How to Compete With E-Commerce Juggernauts Like Amazon

The short answer is "you can't," at least in most regards. But there are ways to hone your customer's unique experience and keep them buying directly from you.

Forbes contributor Micah Solomon has an interesting piece up on that site all about how Amazon's unparalleled efficiency of scale coupled with unbeatable customer service poses a major threat to independent retailers' brand loyalty. Simply put: you're not going to be able to beat the major retail aggregators on a whole in the categories of price, logistics, and ease of transaction. What you can do if you find yourself in the unhappy position of being squeezed out by Amazon is to try and compete on micro levels. That means one-upping them in just a few categories rather than fruitlessly attempting to match their entire business model:


"Add as much character to your site as possible—aim to make it more of an experience and adventure to buy from you than to go elsewhere. But don’t offer an experience at the expense of ease, or you’ll scare your customers right back to Amazon. The adventure a customer has on your site needs to be a frictionless one..."

He further advocates for a "simple, fast, and personable" returns process, tossing in "free, brand-relevant extras" with every direct purchase, and customizing your packaging a la companies like Moosejaw and Brooks Brothers. After all, you wouldn't order a product from Tiffany's if it didn't come with the little blue box. A personalized touch like that can fuel much-needed brand loyalty.

Check out more of Solomon's tips via the link below and let us know what you think in the comments below.

Read more at Forbes

Photo credit: Julie Clopper / Shutterstock

Develop mindfulness to boost your creative intelligence

Sharon Salzberg, world-renowned mindfulness leader, teaches meditation at Big Think Edge.

Image: Big Think
Big Think Edge
  • Try meditation for the first time with this guided lesson or, if you already practice, enjoy being guided by a world-renowned meditation expert.
  • Sharon Salzberg teaches mindfulness meditation for Big Think Edge.
  • Subscribe to Big Think Edge before we launch on March 30 to get 20% off monthly and annual memberships.
Keep reading Show less

For a long time, the West shaped the world. That time is over.

The 21st century is experiencing an Asianization of politics, business, and culture.

Videos
  • Our theories about the world, even about history or the geopolitics of the present, tend to be shaped by Anglo perspectives of the Western industrial democracies, particularly those in the United States and the United Kingdom.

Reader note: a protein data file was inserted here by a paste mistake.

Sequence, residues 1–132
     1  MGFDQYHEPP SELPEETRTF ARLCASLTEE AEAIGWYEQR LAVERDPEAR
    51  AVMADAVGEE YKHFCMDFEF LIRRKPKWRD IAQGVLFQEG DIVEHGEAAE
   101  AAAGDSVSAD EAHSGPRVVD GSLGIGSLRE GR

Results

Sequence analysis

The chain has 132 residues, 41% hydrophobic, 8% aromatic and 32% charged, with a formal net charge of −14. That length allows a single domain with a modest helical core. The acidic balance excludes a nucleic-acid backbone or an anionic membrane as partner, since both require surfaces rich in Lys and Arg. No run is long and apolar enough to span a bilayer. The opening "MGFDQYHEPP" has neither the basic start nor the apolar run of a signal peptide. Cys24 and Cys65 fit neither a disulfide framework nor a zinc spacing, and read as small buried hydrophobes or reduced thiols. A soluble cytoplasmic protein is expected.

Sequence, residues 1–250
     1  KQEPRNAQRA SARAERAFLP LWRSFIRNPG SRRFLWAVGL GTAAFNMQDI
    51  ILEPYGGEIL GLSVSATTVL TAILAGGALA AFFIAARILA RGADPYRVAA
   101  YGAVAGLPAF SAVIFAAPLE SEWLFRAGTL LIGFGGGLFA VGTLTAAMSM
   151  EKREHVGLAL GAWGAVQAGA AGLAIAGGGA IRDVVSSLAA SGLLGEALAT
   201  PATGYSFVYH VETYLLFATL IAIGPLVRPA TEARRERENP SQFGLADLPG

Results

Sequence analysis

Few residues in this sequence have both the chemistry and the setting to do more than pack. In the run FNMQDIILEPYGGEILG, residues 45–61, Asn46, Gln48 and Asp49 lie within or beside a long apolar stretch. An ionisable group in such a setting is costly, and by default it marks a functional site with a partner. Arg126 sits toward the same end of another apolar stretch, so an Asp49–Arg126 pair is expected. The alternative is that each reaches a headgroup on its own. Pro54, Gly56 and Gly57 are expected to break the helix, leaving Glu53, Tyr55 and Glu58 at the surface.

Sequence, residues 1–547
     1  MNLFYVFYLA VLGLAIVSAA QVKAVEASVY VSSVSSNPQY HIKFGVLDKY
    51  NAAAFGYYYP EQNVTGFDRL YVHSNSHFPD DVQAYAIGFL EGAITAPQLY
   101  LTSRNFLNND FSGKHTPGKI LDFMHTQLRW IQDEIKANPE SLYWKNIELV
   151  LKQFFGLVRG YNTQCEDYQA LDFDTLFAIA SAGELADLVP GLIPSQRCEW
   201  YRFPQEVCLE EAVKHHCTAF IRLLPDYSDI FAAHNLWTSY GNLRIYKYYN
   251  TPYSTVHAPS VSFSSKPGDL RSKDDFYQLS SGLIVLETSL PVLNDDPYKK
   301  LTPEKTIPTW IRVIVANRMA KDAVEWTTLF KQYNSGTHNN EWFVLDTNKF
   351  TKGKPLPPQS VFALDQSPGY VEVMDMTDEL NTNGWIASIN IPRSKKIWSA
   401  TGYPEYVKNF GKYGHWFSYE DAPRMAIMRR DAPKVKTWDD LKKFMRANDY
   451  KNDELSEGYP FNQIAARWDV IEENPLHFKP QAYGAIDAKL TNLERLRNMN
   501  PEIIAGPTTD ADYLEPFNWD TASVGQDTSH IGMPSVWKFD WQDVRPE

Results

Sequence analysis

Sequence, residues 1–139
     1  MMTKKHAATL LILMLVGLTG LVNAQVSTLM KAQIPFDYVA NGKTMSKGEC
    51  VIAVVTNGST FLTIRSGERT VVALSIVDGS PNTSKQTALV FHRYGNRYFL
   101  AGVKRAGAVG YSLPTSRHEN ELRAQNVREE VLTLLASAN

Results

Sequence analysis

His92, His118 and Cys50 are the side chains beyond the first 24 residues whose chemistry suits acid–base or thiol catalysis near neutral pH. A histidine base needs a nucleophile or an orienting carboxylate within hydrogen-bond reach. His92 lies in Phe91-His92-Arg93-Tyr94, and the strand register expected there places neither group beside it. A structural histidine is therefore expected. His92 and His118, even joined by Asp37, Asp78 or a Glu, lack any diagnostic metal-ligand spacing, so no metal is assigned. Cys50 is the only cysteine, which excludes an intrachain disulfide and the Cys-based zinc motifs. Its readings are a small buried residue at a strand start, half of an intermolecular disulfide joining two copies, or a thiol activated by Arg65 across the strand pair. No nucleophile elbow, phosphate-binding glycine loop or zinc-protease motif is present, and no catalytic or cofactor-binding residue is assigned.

• The West, however, is not united. Canada, for instance, acts in many ways that are not in line with American or British policies, particularly in regard to populism. Even if it were united, though, it would not represent most of the world's population.
  • European ideas, such as parliamentary democracy and civil service, spread across the world in the 19th century. In the 20th century, American values such as entrepreneurialism went global. In the 21st century, however, what we're seeing now is an Asianization — an Asian confidence that they can determine their own political systems, their own models, and adapt to their own circumstances.
Keep reading Show less

Why modern men are losing their testosterone

Research has shown that men today have less testosterone than they used to. What's happening?

Flickr user Tom Simpson
Sex & Relationships
  • Several studies have confirmed that testosterone counts in men are lower than what they used to be just a few decades ago.
  • While most men still have perfectly healthy testosterone levels, its reduction puts men at risk for many negative health outcomes.
  • The cause of this drop in testosterone isn't entirely clear, but evidence suggests that it is a multifaceted result of modern, industrialized life.
Keep reading Show less

Why the ocean you know and love won’t exist in 50 years

Can sensitive coral reefs survive another human generation?

Videos
  • Coral reefs may not be able to survive another human decade because of the environmental stress we have placed on them, says author David Wallace-Wells. He posits that without meaningful changes to policies, the trend of them dying out, even in light of recent advances, will continue.
  • The World Wildlife Fund says that 60 percent of all vertebrate mammals have died since just 1970. On top of this, recent studies suggest that insect populations may have fallen by as much as 75 percent over the last few decades.
  • If it were not for our oceans, the planet would probably be already several degrees warmer than it is today due to the emissions we've expelled into the atmosphere.
Keep reading Show less